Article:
Wednesday, November 08, 2006

X11 for Windows

As a normal geek I have access to a large number of computers at work, school and home. To avoid duplication of information (i.e. emails, bookmarks and files spread among several computers) I usually have all my data and applications on my computer at home and use X-Forwarding to access it remotely from work and school.

This works great when I have access to Linux computers at work and school (I usually do) but in some rare situations I end surrounded by Windows only computers. Fortunately there are ways to get X-Forwarding to work in a Windows environment and here I explain the method I use.

X11 server for Windows

For X11 based applications (i.e. all Linux applications with GUI) to be displayed on Windows we need an implementation of X11 for Windows. I chose to use XMing that is small, easy to install and just works out of the box.

For installation simply follow these instruction and you are good to go.

SSH Client for Windows

To connect to the remote machine (i.e. home machine) with X-Forwarding support we need a good ssh client for Windows. I have used PuTTY and OpenSSH with success. If you prefer command line use OpenSSH or if you like a GUI ssh client then use PuTTY as both are equally functional and feature rich.

For instruction on how to get and install PuTTY look at this link.

X-Forwarding with OpenSSH on Windows

If you prefer to use OpenSSH command line instead of PuTTY GUI you need to install the package from

Simply download and install the most recent self installation package and from the command prompt you will be able to run ssh with all it's command line options and features. For X-Forwarding make sure that XMing is running and then run the ssh command with the -C and -X command switches to connect to the remote machine.

ssh -CX -l username remote_ip_address

As you see it is important to set the DISPLAY environment variable before running the ssh command. Without this environment variable all X11 applications will be unable to find the XMing display and fail to start. Normally the DISPLAY used by XMing is but in case it is not you can find the value looking at the XMing log files.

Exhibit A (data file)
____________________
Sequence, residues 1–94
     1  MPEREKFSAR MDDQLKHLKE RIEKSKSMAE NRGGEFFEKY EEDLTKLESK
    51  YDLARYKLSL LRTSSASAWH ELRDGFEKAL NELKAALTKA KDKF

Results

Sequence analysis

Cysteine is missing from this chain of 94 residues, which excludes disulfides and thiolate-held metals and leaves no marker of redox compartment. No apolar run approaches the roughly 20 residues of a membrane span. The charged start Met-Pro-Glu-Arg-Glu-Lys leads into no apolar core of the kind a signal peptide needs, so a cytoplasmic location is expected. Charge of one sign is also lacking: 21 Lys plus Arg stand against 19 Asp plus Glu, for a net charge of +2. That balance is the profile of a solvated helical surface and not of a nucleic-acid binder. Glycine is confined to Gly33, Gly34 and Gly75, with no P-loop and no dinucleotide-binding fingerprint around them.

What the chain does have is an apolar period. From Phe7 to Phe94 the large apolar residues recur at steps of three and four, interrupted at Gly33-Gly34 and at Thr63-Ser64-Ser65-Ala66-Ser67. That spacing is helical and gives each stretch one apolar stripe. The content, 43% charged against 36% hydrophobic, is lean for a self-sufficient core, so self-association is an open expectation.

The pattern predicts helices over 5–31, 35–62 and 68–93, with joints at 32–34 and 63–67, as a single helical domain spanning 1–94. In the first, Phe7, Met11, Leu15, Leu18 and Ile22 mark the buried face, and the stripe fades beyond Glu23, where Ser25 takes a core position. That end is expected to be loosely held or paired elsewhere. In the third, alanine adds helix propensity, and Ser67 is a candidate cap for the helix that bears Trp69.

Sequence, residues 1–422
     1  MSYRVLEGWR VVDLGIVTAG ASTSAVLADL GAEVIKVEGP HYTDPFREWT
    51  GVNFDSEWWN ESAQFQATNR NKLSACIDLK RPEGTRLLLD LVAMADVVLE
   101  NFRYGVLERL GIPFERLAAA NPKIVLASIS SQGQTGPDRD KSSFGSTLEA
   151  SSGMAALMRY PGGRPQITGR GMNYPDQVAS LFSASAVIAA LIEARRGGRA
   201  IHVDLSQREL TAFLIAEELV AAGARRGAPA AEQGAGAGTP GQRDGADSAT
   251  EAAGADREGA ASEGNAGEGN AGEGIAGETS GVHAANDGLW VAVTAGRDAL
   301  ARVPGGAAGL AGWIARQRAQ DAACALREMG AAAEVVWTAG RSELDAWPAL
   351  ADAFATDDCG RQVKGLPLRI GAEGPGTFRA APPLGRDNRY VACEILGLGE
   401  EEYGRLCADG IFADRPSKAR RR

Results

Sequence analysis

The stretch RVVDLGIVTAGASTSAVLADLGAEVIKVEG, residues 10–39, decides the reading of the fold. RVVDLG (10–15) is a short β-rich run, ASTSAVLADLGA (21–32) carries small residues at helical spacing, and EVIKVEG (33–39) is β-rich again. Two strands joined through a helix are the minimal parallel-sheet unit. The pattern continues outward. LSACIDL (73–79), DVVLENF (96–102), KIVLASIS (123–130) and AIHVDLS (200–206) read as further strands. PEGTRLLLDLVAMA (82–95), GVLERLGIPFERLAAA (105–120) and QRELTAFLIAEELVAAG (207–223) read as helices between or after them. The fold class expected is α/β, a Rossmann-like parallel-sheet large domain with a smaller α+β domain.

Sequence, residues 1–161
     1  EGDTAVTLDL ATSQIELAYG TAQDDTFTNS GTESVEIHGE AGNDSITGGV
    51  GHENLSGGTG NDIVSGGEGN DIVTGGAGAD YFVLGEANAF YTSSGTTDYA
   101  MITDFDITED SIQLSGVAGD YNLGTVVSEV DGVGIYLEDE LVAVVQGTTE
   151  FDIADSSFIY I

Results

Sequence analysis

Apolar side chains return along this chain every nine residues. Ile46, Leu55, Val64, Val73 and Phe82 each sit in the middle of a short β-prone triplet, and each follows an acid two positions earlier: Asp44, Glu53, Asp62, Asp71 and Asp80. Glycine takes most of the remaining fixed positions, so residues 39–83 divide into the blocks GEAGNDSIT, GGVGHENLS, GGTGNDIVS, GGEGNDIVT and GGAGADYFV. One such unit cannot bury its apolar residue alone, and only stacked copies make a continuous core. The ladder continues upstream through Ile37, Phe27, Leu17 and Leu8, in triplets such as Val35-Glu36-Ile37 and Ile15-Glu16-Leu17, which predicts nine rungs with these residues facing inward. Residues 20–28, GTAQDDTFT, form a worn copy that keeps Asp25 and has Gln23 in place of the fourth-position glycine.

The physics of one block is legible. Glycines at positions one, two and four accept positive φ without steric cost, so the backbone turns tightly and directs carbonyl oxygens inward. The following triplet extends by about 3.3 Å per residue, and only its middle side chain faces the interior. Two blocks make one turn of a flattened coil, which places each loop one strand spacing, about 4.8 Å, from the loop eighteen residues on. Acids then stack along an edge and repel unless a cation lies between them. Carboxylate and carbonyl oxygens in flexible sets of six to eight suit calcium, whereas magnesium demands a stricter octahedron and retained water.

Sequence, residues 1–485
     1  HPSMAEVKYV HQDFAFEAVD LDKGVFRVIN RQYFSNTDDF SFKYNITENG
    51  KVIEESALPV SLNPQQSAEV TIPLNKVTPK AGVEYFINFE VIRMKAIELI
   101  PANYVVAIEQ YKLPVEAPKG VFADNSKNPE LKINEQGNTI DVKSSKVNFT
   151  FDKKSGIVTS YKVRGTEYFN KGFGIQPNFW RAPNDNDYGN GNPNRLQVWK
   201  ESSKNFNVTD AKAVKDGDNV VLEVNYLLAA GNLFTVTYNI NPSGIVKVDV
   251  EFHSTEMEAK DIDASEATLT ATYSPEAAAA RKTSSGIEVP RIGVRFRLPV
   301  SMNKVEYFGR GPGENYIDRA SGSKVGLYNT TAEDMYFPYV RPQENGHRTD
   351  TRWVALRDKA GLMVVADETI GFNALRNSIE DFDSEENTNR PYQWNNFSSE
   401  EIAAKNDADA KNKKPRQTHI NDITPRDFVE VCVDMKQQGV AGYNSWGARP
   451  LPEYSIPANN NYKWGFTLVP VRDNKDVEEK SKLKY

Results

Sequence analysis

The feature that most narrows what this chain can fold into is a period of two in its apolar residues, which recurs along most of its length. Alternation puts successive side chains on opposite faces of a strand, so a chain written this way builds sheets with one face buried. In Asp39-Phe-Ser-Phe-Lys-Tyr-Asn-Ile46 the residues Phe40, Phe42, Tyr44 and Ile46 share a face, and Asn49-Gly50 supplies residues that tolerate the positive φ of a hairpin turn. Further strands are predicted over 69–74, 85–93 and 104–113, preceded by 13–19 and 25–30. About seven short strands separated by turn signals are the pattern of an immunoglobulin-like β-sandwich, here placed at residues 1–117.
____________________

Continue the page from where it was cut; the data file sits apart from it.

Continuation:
The -CX switch simply means to enable compression (-C) and X-Forwarding (-X). Read the ssh documentation for more command switches and options.

Mandatory Screenshots

First we see my favorite mail client (Kmail) in conjunction with my favorite music jukebox (Amarok).

This second screenshot you can see Konqueror, Firefox and IE in the same machine with the KDE page loaded.

Final Remarks

Remember that this is NOT running Linux applications on a Windows PC. The KDE applications you see in the screenshots are running at a remote computer (my home computer) that has Linux (Kubuntu) installed. The X11 client (XMing) only displays the applications on the Windows PC and allows you to interact with them via mouse and keyboard.

Also note that you need to enable X11 forwarding at the server side and have Xorg or Xfree server installed. In Kubuntu these are the default settings so no change is needed at the server side except for installing the openssh-server.

sudo aptitude install openssh-server

Little Drawback

Using XMing to run remote X11 applications in a Windows PC is very useful and it works perfectly except for one little drawback: the system tray . Applications like Amarok, KMail, Akregator, Kopete when configured to use the system tray will try to dock on the system tray when minimized but on XMing they will simply disappear with no way (that I can find) to get them back. So if you use XMing try to avoid using the system tray.

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